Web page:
articulated in Niemi, to assert specific
jurisdiction over Defendants Connors, Martinez, and Pierce.
As to element (a), Plaintiff states that “all of
Plaintiff's claims allege an intentional act . . . to
injure Plaintiff.” Response [#62] at 11. As to
element (b), Plaintiff states that “all of
Plaintiff's claims except his first occurred when he was
involuntarily committed to federal prison in Colorado.”
Id. Finally, as to element (c), “for the same
reasons as [element] (b), Plaintiff is confined to the forum
state and thus these injuries would be fully felt by
Plaintiff while being unable to leave the forum state.”
Connors is the Administrator of National Inmate Appeals in
Washington, D.C. Am. Compl. [#46] ¶ 10. One
claim is asserted against Defendant Connors (Claim Seven),
which alleges violations of the First and Fifth Amendments
and 42 U.S.C. § 1985 (Conspiracy to Interfere with Civil
Rights). See Id. ¶¶ 112-115. Plaintiff
alleges that Defendant Connors unfaithfully investigated
Plaintiff's complaints and discouraged Plaintiff from
using the administrative complaint system with the
foreseeable consequence that Plaintiff will continue to be
injured by Defendants. Id. Further, Plaintiff
alleges that Defendant Connors “[provided] responses of
pro forma denials, intentionally inadequate investigations,
each full of lies and cover-ups by [Defendant Connors], or
promulgated, endorsed, or ratified by him.”
argue that the Court lacks personal jurisdiction over federal
prison officials who have “regional and national
supervisory responsibilities over facilities within a forum
state.” Motion [#54] at 85 (quoting Hill
v. Pugh, 75 Fed.Appx. 715, 719 (10th Cir. 2003)). In
Hill v. Pugh, the Tenth Circuit Court of Appeals
affirmed the district court's dismissal of claims against
two BOP officials who had national supervisory
responsibilities over USP-Florence. 75 Fed.Appx. at 719. The
Tenth Court found that the alleged conduct, i.e., that the
BOP officials received administrative grievances and letters
warning of the potential detrimental effects of ADX placement
from the plaintiff and his attorney, fell “far short of
the purposeful availment necessary to establish
McMillan v. Wiley, 813 F.Supp.2d 1238, 1246 (D.
Colo. 2011), the Court found that despite the plaintiff
alleging that the defendants “had direct knowledge of
and approved the transformation of [p]laintiff's ADX
housing unit into a solitary confinement ‘control'
unit” that “such ‘attempts to make out a
case for personal jurisdiction over these defendants by
arguing that each of them authorized or implemented [actions]
knowing that the effects of these [actions] would be felt by
[plaintiff] in Colorado' are insufficient to establish
minimum contacts.” Id. (citing Hale v.
Ashcroft, No. 06-cv-00541-REB-KLM, 2007 WL 2350150, at
*3 (D. Colo. Aug. 15, 2007); Trierweiler v. Croxton &
Trench Holding Corp., 90 F.3d 1523, 1534 (10th Cir.
because Plaintiff has not demonstrated that Defendant
Connors's actions which were taken in Washington, D.C.,
establish minimum contacts with Colorado, the Court finds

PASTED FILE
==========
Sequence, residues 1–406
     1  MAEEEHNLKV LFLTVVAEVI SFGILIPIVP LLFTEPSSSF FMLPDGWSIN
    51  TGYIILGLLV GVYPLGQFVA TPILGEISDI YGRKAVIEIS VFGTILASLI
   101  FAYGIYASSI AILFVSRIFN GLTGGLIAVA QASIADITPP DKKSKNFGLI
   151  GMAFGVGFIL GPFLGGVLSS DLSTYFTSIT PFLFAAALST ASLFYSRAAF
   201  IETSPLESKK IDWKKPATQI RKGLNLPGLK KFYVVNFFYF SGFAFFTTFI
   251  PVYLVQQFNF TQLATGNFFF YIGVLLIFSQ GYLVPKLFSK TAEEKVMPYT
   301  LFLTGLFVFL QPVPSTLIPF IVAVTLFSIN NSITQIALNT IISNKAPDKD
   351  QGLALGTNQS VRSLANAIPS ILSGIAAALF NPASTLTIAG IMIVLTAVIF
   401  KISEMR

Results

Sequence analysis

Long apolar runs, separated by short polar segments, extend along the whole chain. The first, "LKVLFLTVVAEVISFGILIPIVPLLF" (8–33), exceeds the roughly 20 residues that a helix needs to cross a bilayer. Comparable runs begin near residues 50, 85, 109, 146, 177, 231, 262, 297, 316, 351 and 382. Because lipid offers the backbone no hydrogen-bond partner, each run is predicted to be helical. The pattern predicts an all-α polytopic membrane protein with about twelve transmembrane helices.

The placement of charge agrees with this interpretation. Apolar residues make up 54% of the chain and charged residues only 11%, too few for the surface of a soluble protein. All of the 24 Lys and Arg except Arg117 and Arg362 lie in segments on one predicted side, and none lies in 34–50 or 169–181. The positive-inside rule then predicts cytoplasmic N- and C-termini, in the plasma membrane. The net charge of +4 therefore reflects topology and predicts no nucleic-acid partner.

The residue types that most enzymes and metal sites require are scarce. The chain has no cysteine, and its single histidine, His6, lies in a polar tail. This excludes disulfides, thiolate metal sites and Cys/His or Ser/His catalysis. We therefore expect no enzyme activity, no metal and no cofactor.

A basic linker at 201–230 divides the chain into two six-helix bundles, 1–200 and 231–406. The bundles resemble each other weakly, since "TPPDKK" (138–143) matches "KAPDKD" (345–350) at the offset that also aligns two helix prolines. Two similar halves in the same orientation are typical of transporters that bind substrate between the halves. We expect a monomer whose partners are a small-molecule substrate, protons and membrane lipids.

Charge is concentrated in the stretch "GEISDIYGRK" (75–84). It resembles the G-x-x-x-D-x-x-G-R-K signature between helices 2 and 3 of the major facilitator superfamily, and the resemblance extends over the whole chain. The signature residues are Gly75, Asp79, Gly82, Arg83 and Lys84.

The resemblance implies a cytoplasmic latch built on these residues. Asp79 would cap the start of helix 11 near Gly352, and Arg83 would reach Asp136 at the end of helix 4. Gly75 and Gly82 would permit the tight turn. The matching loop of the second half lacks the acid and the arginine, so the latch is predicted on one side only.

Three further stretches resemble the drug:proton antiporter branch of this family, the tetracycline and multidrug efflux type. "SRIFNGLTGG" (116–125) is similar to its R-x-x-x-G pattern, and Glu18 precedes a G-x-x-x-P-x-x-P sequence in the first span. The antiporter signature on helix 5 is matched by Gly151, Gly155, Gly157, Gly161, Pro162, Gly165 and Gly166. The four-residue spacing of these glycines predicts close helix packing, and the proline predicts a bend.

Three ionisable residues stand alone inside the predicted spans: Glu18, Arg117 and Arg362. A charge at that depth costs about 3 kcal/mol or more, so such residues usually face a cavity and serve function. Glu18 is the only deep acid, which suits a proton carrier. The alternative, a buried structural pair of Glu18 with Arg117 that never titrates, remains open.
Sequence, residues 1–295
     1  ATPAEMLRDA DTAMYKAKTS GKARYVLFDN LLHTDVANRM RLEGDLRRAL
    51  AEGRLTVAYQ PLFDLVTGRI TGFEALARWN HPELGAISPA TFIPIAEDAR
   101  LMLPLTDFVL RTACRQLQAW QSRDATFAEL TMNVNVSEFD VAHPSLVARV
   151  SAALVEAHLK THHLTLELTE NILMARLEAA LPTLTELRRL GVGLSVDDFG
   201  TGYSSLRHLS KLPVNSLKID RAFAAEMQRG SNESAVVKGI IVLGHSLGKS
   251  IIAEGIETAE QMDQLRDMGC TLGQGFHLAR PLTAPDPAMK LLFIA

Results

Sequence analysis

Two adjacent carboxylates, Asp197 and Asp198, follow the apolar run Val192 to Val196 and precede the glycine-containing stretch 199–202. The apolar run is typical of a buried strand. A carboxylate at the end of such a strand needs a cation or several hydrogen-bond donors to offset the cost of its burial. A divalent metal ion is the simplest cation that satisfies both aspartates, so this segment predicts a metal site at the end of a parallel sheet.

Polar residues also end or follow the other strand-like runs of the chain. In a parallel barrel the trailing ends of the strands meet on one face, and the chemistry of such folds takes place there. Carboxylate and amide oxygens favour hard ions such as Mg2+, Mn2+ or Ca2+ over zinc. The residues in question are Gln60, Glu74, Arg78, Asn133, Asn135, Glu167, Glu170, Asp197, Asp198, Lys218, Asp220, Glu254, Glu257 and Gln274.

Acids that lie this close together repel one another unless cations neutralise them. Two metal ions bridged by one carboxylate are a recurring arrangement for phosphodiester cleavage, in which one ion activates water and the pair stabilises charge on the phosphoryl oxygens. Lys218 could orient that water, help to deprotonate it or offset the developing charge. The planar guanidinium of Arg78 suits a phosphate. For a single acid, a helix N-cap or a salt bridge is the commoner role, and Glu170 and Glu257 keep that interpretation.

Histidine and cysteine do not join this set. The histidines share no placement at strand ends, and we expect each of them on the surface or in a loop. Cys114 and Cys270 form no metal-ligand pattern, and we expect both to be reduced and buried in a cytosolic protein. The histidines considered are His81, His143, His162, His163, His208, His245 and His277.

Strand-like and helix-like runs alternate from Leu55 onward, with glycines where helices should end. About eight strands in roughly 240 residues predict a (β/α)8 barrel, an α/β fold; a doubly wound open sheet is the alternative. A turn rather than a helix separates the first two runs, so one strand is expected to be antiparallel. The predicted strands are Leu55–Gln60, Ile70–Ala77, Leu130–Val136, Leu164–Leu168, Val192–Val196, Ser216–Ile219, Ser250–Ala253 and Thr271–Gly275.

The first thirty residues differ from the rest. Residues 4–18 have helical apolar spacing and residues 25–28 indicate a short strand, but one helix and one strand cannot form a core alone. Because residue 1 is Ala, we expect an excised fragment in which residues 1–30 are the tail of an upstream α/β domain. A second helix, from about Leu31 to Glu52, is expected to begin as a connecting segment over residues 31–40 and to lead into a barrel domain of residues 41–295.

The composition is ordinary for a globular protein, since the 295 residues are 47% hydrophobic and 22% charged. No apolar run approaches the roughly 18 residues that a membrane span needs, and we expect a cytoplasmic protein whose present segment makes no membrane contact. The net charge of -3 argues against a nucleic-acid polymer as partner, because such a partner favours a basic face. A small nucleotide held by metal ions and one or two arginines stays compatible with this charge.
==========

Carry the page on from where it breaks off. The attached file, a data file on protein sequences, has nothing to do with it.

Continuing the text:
that Plaintiff's Claim Seven against Defendant Connors
should be dismissed without prejudice for
lack of personal jurisdiction. See Hollander v. Sandoz
Pharm. Corp., 289 F.3d 1193, 1216 (10th Cir. 2002)
(stating that dismissals for lack of personal jurisdiction
must be without prejudice).
Martinez, at the pertinent time of the allegations, was an
FBI Agent in San Antonio, Texas. Am. Compl. [#46]
¶ 9. Defendants state that Defendant Martinez was served
in Texas. Motion [#54] at 86 (citing
Summons [#17]). Plaintiff asserts only one claim
against Defendant Martinez, i.e, Claim Five, asserting
violations of the First and Fifth Amendments and 42 U.S.C.
§ 1985. Am. Compl. [#46] ¶¶ 83-92. In
Claim Five, Plaintiff alleges that a hold was placed on a
$400 deposit to Plaintiff's inmate deposit fund due to
“fraudulent information manipulated” by Defendant
Martinez (and the other four Defendants named under this
claim). Id. ¶ 87. Furthermore, Plaintiff
alleges that Defendant Martinez (and the other four
Defendants named under this claim) “used the known lie
of money laundering . . . to oppress, punish, and
persecute” Plaintiff. Id. ¶ 90. Finally,
Plaintiff alleges that “[Defendants acted] in collusion
and agreement with [Defendant Martinez and others]”
through fabricated, manipulated, and falsified information to
accuse Plaintiff of money laundering through Plaintiff's
BOP commissary account. Id. ¶ 84.
argue that Plaintiff has not established personal
jurisdiction over Defendant Martinez, but they do not point
to case law which discusses the exercise of personal
jurisdiction over a law enforcement official as opposed to a
prison official. Motion [#54] at 83-86. Nonetheless,
the Court agrees with Defendants' position that the
Amended Complaint [#46] fails to allege any meaningful
contacts by Defendant Martinez with the State of Colorado. In
short, the Court finds that the Amended Complaint [#46] does
not demonstrate how Defendant Martinez “purposefully
availed” himself of the laws of Colorado.
Supreme Court in Walden v. Fiore, 571 U.S. 277, 288
(2014), held that a police officer from Georgia lacked
minimal contacts with the State of Nevada to support the
exercise of personal jurisdiction, even if the officer knew
that his allegedly tortious conduct in Georgia would delay
return of funds to persons with connections to Nevada. In
Walden, the Court found that “[the police
officer] never traveled to, conducted activities within,
contacted anyone in, or sent anything or anyone to
Nevada.” Similarly, here, apart from the few, mostly
conclusory allegations stated above, the Court is not
presented with allegations to show that Defendant Martinez
traveled to, conducted activities in, contacted anyone
within, or sent anything to the State of Colorado. Under this
precedent, the Court finds that Plaintiff has not shown that
the Court can properly exercise personal jurisdiction over
the Court recommends that Claim Five be
dismissed without prejudice to the extent it
is asserted against Defendant ...